A behind the scenes look into maintenance practices including past, present and future development plans of the Lac la Biche Golf Club.

Wednesday, July 27, 2011

Driving Range Etiquette.

Last week we had an unfortunate incident regarding a member who got hit with a golf ball. The ball was hit from the bottom driving range tee and carried the creek where he was struck while walking up to the #6 tee. In the past, I mentioned the need for some netting not only for the end of the driving range, but also down both sides to protect golfers and staff on #1 and #7 fairway. This request is actually addressed in year 2017 of our 10 Year Capital Improvement Plan.
The problem with our driving range is that there is a large elevation change from the teeing area to the distance markers on the range. Today I decided to spend some time and measure the entire range and teeing area and this is what I found. All measurements where done with both GPS and metered wheel.

Elevation Change:  66 feet or 22 yards
Driving Range Width (From #7 Cart Path to Tree Line #1 Fairway): 163 yards
Driving Range Length (From Top Tee to Creek Directly Behind #6 Tee): 267 yards
Driving Range Length (From Top Tee Directly Over Yellow Yardage Markers to Creek): 311 yards
Distance From Top Tee to Bottom Tee (3 Tier Teeing Deck): 17 yards

I also measured from the bottom driving range tee to the tee sign on #6 and this distance is approximately 276 yards. There is no doubt we have some players that are capable of hitting the ball that far. When you take into account the elevation change, this distance can be cut down by 5% (Roughly 262 yards).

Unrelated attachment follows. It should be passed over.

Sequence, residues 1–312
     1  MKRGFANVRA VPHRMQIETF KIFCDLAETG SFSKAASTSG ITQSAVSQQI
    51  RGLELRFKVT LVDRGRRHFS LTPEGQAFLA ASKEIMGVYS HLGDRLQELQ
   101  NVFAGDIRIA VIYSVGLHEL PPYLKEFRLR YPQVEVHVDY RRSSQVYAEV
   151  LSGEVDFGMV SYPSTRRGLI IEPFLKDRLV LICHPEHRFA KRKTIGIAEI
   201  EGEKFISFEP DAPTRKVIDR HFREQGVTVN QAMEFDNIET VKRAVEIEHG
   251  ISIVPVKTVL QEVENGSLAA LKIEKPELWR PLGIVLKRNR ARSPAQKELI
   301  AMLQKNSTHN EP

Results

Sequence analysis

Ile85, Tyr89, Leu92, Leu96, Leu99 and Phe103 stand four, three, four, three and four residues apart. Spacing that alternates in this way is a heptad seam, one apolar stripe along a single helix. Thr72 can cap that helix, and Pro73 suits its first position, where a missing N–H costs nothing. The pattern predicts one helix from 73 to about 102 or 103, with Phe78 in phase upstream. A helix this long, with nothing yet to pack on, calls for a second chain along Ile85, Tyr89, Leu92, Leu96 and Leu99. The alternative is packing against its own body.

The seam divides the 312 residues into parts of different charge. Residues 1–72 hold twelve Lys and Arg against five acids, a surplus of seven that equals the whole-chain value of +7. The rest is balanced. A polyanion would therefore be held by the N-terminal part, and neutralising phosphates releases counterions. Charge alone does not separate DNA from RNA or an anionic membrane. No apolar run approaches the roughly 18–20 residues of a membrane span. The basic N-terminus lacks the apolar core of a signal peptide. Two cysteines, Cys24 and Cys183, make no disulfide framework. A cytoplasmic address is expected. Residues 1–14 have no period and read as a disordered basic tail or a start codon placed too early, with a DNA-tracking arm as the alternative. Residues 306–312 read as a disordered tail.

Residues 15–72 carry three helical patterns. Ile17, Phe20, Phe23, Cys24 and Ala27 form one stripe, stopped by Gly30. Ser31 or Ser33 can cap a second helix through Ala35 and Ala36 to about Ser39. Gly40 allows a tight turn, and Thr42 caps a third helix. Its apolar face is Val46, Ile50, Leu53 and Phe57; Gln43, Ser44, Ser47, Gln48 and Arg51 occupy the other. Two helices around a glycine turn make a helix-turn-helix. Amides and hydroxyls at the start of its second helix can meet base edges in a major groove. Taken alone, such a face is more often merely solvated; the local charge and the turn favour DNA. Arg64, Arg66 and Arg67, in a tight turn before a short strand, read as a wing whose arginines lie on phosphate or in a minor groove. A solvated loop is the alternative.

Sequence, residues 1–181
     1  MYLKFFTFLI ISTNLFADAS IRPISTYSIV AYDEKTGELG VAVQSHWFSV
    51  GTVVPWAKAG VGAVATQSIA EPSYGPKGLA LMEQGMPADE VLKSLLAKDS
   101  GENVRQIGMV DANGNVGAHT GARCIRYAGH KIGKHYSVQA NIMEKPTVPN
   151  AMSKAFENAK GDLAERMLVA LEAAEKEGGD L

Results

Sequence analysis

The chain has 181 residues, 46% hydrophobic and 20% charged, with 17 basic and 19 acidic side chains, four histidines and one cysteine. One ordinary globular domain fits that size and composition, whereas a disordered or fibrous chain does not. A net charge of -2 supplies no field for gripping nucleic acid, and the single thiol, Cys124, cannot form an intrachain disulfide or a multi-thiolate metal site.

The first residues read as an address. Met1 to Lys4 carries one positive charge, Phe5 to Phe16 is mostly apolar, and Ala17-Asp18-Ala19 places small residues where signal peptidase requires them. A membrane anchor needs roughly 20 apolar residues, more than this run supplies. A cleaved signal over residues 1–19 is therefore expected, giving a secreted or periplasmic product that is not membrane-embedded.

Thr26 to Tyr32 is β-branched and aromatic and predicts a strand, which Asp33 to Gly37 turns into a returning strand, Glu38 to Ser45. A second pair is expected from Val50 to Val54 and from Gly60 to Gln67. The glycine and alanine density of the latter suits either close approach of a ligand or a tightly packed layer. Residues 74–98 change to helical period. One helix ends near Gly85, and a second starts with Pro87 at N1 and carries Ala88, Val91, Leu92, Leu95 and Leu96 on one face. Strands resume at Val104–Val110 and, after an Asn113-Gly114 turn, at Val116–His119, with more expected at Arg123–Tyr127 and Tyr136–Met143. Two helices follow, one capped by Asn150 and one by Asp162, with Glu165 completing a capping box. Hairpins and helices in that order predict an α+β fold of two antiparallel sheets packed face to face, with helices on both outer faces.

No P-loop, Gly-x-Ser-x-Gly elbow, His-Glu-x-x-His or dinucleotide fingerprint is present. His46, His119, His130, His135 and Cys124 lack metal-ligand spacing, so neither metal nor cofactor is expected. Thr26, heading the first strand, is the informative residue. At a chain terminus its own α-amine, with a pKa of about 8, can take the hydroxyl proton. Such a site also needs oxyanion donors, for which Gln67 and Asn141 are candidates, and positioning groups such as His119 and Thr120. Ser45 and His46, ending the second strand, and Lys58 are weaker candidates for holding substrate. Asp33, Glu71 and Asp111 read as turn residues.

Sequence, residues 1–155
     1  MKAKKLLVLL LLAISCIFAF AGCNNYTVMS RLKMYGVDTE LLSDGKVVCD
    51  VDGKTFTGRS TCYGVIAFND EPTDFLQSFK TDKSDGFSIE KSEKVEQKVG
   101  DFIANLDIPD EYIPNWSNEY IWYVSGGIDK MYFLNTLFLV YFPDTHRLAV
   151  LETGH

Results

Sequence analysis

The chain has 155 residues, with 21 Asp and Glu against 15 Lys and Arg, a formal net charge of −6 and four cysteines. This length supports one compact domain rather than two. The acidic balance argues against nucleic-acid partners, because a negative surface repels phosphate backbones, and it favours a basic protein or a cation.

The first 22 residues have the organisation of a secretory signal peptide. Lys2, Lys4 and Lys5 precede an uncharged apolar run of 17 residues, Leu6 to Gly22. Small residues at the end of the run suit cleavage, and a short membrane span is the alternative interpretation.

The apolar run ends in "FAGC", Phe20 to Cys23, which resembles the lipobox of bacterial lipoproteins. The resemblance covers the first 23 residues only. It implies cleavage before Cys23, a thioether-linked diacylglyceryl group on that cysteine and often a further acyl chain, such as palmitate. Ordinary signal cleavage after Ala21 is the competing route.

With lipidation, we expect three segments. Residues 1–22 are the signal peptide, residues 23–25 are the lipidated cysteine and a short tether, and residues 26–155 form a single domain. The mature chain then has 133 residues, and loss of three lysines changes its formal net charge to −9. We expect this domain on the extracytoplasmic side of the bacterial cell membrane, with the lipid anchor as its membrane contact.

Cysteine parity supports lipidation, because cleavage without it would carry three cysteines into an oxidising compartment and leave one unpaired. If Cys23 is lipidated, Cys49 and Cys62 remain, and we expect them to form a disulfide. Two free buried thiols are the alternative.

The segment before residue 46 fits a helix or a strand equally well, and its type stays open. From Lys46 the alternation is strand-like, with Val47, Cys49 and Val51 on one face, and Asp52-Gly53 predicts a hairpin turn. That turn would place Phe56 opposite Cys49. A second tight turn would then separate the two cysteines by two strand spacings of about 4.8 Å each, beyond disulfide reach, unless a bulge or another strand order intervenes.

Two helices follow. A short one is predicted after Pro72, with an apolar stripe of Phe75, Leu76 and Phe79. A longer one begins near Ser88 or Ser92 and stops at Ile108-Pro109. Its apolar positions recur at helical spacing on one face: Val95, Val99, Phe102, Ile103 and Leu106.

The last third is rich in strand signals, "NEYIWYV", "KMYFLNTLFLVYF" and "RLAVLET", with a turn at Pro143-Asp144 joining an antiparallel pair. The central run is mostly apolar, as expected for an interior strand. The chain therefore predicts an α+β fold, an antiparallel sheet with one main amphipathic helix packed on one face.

So how do we protect our members, guests and staff from future issues? Here are some of my thoughts followed by potential cons of each:

1) Erect proper netting especially at the back of the range. (The net will have to be very high due to severe elevation change. In the area of 40 feet or higher. Expensive and maintenance prone)

2) Re build the entire teeing area towards the back of #8 blue tee. This will better align the tee down the full length of the range. There are no cons to this option since it makes a lot of sense. It also allows us to increase the square footage from the current tee which is much too small.

3) Make the entire driving range irons only. (Takes away from the complete practice experience)

4) Erect a cage for woods only. (No one likes hitting inside a cage)

5) Build more target areas on the range. (Can be expensive and more labour intensive. People will still want to hit their driver)

6) Move #6 tee further from the creek. (This would greatly shorten a par 4 hole which is already only 340 yards)

7) Use of "Limited Flight" range balls. (Currently we do use these but perhaps there are better options out there that may cut distances down by 30% or more)

I think at the end of day, anyone using the range has to exude the utmost responsibility. Those that aim towards #6 tee knowing they are big hitters are knowingly putting others at risk. If these people would simply aim down the line of the yellow yardage markers, we would never have an issue. Be safe and respectful.

Wednesday, July 20, 2011

Matting Greens.

For those of you who golf early enough in the morning, you may see us matting the greens prior to cutting them. I try to mat 2 or 3 times a week but it depends on weather and staff availability. Matting accomplishes a few beneficial practices.
1) It removes excess moisture (dew) which allows for a better quality of cut.
2) It lifts the grass and helps eliminate grain.
3) Over time it provides upright and dense shoot growth.

This particular brush manufactured by T.I.P.S. is controlled via a hand remote. The brush rises and falls from an electric ram which controls the vertical movement of the wheels. It works amazingly well due to it's weight and brush arrangement. It also makes quick work of brushing in top dressing sand into aeration holes or the turf canopy when light bi-weekly topdressing is performed.